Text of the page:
For many CDs, the differences were quite trivial to resolve (a mis-spelling or different capitalization of a couple of track titles, for example. Therefore, I was able to do quite a lot of conflict resolution on a laptop on the train to and from work without having access to the CDs. For more complicated problems, the work had to be done next to my stack of CDs, but it was still pretty straightforward.

Here is where the story should have ended – I ended up with a set of XML files, one for each CD, with track titles, artist names and track boundary information. I was able to fix up the (relatively small) number of CDs with hidden first tracks, or with two albums on one disc / one album over several discs, and deal with the annoying track cataloguing of the Mars Volta’s ‘Frances The Mute‘ (if I’m feeling enthusiastic, one day I might restore They Might Be Giants’ ‘Fingertips‘ to the originally planned collection of many short tracks instead of one big one.)

Unfortunately, after discussing this ridiculous project with a friend of mine, he suggested that the MusicBrainz database might be worth investigating, so I investigated it. MusicBrainz is an open, user-contributed database of CDs, track titles and artist names. It is much better than CDDB because a) it isn’t owned by some large corporation, b) it has a much more robust way of identifying CDs than the terrible CDDB ID scheme I’ve already mentioned in part 2 and c) because it assigns globally unique identifiers (GUIDs) to each artist, album and track in the database.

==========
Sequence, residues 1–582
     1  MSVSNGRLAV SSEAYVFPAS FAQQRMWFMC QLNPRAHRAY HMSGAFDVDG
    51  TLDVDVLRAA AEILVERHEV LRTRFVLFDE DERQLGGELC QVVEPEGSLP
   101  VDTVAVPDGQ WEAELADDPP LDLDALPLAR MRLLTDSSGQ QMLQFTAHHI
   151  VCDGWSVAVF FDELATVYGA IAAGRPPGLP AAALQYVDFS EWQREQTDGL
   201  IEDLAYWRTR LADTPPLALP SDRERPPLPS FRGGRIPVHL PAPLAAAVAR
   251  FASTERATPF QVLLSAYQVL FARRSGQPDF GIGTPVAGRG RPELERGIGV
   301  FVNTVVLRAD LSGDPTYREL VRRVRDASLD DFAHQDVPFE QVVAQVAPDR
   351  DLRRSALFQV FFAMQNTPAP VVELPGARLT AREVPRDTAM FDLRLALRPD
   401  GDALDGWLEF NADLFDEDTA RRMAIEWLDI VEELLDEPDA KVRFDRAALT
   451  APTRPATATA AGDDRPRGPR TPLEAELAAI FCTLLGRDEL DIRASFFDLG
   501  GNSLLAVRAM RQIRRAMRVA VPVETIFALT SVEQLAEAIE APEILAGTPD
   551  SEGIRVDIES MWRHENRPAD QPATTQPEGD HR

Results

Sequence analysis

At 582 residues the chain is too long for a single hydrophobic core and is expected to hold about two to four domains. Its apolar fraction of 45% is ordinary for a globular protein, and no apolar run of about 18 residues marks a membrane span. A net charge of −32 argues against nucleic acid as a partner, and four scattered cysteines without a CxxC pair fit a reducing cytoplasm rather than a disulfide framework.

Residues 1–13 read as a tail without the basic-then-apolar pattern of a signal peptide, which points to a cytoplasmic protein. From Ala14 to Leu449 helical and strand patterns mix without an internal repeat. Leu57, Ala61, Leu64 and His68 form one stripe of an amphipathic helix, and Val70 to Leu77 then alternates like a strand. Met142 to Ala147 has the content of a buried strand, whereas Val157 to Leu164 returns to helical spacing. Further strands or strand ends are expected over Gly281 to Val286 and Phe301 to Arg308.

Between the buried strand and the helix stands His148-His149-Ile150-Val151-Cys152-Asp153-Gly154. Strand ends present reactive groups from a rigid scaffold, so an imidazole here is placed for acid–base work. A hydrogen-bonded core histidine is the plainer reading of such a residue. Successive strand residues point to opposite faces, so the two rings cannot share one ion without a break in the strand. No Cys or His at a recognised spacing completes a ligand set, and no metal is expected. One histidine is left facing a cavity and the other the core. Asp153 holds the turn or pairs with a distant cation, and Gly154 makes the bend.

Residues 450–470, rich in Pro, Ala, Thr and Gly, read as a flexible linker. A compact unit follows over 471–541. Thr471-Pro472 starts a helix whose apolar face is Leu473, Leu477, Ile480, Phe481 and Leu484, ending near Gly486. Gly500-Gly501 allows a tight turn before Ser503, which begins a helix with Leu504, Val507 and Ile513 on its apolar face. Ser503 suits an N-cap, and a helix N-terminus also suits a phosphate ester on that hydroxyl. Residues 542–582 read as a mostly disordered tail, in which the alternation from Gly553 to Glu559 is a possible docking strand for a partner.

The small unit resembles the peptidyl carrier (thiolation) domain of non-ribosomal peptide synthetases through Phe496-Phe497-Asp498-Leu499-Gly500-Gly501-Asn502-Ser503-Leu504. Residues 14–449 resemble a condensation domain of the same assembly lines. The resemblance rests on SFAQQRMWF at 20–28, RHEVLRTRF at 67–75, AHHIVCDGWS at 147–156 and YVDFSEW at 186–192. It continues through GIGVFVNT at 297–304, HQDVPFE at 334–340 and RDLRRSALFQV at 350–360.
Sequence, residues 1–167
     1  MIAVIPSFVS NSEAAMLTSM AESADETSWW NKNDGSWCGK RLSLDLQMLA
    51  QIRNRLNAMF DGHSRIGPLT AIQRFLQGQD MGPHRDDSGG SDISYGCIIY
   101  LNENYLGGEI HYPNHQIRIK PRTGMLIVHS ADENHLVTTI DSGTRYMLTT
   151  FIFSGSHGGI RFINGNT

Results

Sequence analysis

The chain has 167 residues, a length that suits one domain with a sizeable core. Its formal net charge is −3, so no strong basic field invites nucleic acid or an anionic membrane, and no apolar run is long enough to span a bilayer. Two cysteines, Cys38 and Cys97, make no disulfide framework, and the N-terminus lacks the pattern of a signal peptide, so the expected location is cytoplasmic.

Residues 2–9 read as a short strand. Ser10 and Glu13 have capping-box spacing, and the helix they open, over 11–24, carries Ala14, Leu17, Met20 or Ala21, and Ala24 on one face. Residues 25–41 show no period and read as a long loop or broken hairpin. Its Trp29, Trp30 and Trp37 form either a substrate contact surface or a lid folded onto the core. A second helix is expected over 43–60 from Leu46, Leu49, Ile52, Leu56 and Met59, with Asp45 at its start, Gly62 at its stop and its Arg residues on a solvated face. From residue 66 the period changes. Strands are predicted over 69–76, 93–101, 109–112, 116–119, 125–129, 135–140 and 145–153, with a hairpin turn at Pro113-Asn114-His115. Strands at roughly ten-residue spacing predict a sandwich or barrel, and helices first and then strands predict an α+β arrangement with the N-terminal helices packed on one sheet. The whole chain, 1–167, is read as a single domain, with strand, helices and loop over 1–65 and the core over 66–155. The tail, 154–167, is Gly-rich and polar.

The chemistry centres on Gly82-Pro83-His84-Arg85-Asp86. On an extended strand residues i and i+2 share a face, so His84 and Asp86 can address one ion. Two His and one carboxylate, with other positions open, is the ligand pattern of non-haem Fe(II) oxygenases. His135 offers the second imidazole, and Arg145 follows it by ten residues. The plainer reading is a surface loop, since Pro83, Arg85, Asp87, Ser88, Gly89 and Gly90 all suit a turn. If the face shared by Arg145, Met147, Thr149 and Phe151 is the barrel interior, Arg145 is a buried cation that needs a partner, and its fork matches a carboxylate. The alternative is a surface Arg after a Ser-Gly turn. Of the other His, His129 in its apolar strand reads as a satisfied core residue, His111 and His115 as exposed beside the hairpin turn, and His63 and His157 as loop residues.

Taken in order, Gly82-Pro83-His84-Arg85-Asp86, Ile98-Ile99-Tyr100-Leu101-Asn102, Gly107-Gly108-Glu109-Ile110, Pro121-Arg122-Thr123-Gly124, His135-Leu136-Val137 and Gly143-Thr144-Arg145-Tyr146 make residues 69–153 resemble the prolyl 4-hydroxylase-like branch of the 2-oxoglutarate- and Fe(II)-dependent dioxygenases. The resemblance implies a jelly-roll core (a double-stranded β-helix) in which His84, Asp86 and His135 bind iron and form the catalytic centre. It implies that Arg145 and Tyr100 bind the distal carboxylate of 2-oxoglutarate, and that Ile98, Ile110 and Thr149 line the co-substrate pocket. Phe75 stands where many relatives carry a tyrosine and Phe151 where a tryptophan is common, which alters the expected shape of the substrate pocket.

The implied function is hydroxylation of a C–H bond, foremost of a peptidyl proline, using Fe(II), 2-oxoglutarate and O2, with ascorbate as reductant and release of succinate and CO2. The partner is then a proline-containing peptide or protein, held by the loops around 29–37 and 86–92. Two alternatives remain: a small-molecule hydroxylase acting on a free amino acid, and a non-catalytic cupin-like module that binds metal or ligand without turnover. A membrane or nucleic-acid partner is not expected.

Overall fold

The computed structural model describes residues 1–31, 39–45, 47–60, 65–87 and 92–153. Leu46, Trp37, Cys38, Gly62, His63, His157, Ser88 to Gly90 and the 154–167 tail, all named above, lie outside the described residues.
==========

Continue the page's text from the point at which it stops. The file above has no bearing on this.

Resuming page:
Sadly, the prospect of having GUIDs for everything was too enticing, so I lurched back into ad-hoc scripting mode, writing scripts to match up all of my discs with GUIDs in the MusicBrainz database. Fortunately, they have an on-line service which will attempt to map CDDB IDs to MusicBrainz entries (with the proviso that this is not guaranteed to work because of the rubbishness of CDDB). So I was able to get most of them, but there were about 100 that I had to look up by hand. Then, having got the GUIDs for each disc, I needed to download the MusicBrainz data for that disc and merge it with mine (so my XML files acquired MusicBrainz GUIDs in addition to the titles, artist names and timings) – I could have used XSLT for this, but I decided it was simpler to do it in code using DOM4j (infinitely better than plain DOM). I realised that, good though MusicBrainz was, I owned some CDs which weren’t present in the database and so naturally I felt compelled to add them.

On the whole, the MusicBrainz excursion was worth it, because it simplified the next phase of the project, which was building a robust ripping solution that I could use in the future (and finally converting the WAV files I’d already ripped). In the style of the great four-book Hitch-Hiker’s Guide To The Galaxy trilogy, I will outline that in part 4 of this 3-part series and, for the geeks, I might even include some source code for the procedure. That will, at least, force me to comment it and actually clean up the error-handling (for those who want to know – it’s written in Java on Linux using Maven for dependency management – it might be possible to make it work on a Mac but I doubt you’ll get it to work under Windows because it requires the cdparanoia library and various tools for slicing up WAVs.)

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One comment

  1. Why didn’t you rip to Flac? It’s lossless compression & supports tagging. There must be Linux utils for doing that kind of thing. You could then convert from flac –> whatever & use the same tags. You can still convert to Flac & save some space. I did an experiment a while ago, ripping to wav, converting to flac & then from flac –> wav. The original & final wav files were identical.

    If you weren’t such a cock you’d use Windows, at least for tagging. Tag&Rename is awesome & can get album details from a multitude of sources & the also the album covers. It can also automatically rename files. But why make life easy for yourself? 😉